SoulTracks reviews 'Glaciers'
The music man behind much of the signature tones that have come to define The Foreign Exchange (+FE) sound continues his alchemist trick of making instrumental electronic music feel organic for laypeople who swear they don’t care for electronic music. Following a tradition initially established in jazz by artists like Miles Davis and in soul by Stevie Wonder’s experimentations in Songs in the Key of Life (peaking in the woefully underrated In A Square Circle), manipulating electronic music to distill the innate robotic coldness of its confines to cultivate something emotional and resonating is a hard row. Most lean into the coldness, creating music that stretches from the industrial and dystopian to the nihilistic and metallic.

Indie-soul collective Foreign Exchange plays the Cat's Cradle (via The News & Observer)
It seems like only yesterday Phonte Coleman was just a North Carolina rapper/singer, one-third of the up-and-coming hip-hop trio Little Brother. Back then, Coleman was also exchanging music files with an Internet help desk employee and aspiring producer in the Netherlands (Matthijs “Nicolay” Rook), hoping the two could make music together.

Phonte and Nicolay remain focused on The Foreign Exchange (via Creative Loafing)
With their fifth studio album, Tales From the Land of Milk and Honey, The Foreign Exchange has perfected its sophisticated take on R&B, incorporating not only a range of sticky sweet melodies, but also a smattering of nuanced romantic themes like domesticity and compromise. But whatever you do, don't call it ''grown man music.''

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Beatnik Online interviews The Foreign Exchange

by +FE on December 14, 2010 at 1:37 PM · Comments
Leave It All Behind, the second album by The Foreign Exchange, is a beautifully produced piece of work. Producer Nicolay and vocalist Phonte released the album in 2008, surprising fans with a lush, complex soul record. The album sounds as if it could have been made at a studio like Electric Ladyland or The Hit Factory, and the elements of its production are a testament to the work that went into it. Some songs contained 64 separate vocal tracks, all expertly mixed and blended. The lead single, Daykeeper, went through dozens of different mixes alone, and took over a year and a half to complete. This was a big, powerful, major league sounding album.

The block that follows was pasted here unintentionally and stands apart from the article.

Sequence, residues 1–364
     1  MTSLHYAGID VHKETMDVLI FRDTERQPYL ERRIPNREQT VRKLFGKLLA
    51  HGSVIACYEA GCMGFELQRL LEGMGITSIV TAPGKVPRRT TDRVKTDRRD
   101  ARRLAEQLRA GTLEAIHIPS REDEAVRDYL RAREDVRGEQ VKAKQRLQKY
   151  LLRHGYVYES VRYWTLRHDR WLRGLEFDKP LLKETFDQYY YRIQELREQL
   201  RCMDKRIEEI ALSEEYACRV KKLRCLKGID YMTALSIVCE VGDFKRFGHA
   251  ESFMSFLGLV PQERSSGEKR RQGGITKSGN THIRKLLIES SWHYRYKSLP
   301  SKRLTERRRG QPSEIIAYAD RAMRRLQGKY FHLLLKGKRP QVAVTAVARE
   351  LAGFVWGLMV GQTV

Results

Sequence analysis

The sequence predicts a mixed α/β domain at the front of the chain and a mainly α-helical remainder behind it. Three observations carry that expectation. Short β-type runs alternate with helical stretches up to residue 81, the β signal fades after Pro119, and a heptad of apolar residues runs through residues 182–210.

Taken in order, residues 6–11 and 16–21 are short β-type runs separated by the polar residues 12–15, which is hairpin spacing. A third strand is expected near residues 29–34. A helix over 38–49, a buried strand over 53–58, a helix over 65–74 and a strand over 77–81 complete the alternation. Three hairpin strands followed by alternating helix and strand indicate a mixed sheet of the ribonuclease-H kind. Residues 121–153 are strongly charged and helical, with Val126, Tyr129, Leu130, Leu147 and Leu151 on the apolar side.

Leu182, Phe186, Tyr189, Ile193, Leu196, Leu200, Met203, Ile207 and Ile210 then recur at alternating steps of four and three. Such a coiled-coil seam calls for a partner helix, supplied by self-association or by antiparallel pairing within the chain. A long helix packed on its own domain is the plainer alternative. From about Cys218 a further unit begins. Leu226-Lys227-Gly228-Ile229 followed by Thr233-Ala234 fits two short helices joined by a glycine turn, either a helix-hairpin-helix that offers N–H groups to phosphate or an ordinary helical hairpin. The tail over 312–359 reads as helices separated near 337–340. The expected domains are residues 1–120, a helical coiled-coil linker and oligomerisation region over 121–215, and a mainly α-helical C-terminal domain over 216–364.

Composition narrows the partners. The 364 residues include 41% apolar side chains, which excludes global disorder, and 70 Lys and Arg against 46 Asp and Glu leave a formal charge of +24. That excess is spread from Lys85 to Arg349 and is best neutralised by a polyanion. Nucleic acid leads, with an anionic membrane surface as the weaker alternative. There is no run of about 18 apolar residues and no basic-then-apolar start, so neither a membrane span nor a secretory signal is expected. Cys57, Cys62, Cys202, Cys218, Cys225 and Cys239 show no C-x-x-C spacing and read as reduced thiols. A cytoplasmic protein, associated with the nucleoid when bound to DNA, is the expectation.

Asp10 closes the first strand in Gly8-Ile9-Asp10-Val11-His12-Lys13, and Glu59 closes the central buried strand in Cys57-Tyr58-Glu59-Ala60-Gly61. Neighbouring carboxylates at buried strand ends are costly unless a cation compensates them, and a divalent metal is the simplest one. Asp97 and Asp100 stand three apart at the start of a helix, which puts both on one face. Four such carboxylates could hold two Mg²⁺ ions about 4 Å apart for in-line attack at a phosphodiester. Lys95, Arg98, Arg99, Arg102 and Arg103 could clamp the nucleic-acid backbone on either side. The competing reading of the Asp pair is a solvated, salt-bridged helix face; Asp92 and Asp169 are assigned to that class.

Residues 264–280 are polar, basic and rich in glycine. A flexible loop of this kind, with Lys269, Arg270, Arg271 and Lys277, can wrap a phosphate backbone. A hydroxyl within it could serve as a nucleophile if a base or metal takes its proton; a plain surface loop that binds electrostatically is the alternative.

But Leave It All Behind was not made at Electric Ladyland or The Hit Factory. It was made in the living room of an ordinary beach house in Wilmington, on the coast of North Carolina. There, Nicolay (Matthijs Rook), newly arrived in the US from his home country of the Netherlands, sat down to mold the raw material into a cohesive album. And he did it without anything that could even remotely be called a classic studio setup.

"When I first moved there," says the producer on the phone from Wilmington, "the room was furnished, and it wasn't like I could get rid of that. Stuff like 'Daykeeper' was all done in that little room. I just sat with my stuff in the middle of the living room, and later in the small office. I've always just made it work. I look at the limits of my resources as a creative challenge, rather than a bad thing. I just adapt and make music, even with distractions around me... and 'Daykeeper' was a bitch to mix! It was the longest road to a final version I think any of us have ever had with a song."